The crime victims both wore handcuffs as they were brought to court Tuesday to testify at a preliminary hearing.
One of them, Joshua Cope, 30, invoked his Fifth Amendment right and didn’t testify against the men police say beat and robbed him on Aug. 18 at a south Wichita apartment complex.
The other, Mariah Bankston, 19, testified that Cope was slashed with a knife and could barely walk after the robbers were through with him.
“He was bloody everywhere,” she said. “I saw a ton of blood.”
Bankston testified that the man with the knife then threatened her.
“He told me to get back ... or you’re next.”
At the end of the hearing, District Judge Christopher Magana bound three of the men – Brandon Brown, 21, Shane A. Pittman, 27, and Alex R. Perez, 27 – over for trial on charges of aggravated robbery. A preliminary hearing for the fourth suspect – Andy Duarte, 28 – was continued after it was determined that his lawyer had a conflict in the case.
Wichita police said at the time that the robbery occurred on the afternoon of Aug. 18, 2013, when a man and woman drove to the Village Park at Kingsborough apartments at 2720 S. Seneca to buy $3,000 worth of hydroponically grown marijuana.
Bankston and Cope were scheduled to testify at the preliminary hearing two weeks ago, but they didn’t show up for court and material witness warrants were issued their arrest. Both were booked on $75,000 bond on March 14. Cope faced additional charges after officers said they found in his possession 5 pounds of marijuana and 8 grams of meth.
After Cope decided he would not be testifying on Tuesday, prosecutors were left with Bankston as their only civilian witness.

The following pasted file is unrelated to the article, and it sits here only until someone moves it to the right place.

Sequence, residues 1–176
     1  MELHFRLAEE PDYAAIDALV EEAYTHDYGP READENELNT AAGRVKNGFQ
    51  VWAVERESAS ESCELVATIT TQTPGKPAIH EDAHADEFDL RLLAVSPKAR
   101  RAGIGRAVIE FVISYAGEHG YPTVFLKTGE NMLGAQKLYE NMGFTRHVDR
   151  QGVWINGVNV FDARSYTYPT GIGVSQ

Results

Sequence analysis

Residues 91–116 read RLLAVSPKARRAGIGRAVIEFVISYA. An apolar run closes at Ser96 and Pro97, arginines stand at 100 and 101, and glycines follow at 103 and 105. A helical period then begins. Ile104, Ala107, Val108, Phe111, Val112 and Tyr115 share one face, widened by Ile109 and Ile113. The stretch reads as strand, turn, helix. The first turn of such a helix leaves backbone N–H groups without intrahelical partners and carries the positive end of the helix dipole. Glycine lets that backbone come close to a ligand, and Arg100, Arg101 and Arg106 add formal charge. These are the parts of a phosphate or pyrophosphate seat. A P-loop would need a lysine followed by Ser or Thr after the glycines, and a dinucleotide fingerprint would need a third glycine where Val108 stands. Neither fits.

She testified that on the day of the robbery, Cope made a deal with someone named “Lumpy” – later identified as Pittman – to pick something up at the apartment complex on South Seneca. She said in court she didn’t know what Cope was going to pick up that day, but a police detective said she told him it was marijuana.
Bankston said Cope told her to wait in the car before going inside, but she said she got out when Cope started screaming. She said she was immediately attacked by Brown, who knocked her down and ran away. She said she recognized him from their days at South High School. Bankston said she was “almost positive” that a man standing outside that day was Pittman.
Prosecutor Justen Phelps conceded that without the testimony of the main crime victim, the case was light.
“I realize the evidence is somewhat indirect and somewhat circumstantial,” he said.
But he said the evidence, when taken in the light most favorable to the state, showed there was probable cause to believe the defendants committed the crime.
“There is no evidence that this was a random robbery,” he said.
Magana agreed, and set a May 5 jury trial date for Perez, who remains in custody. June 12 trial dates were set for Brown and Pittman, who are free on bond.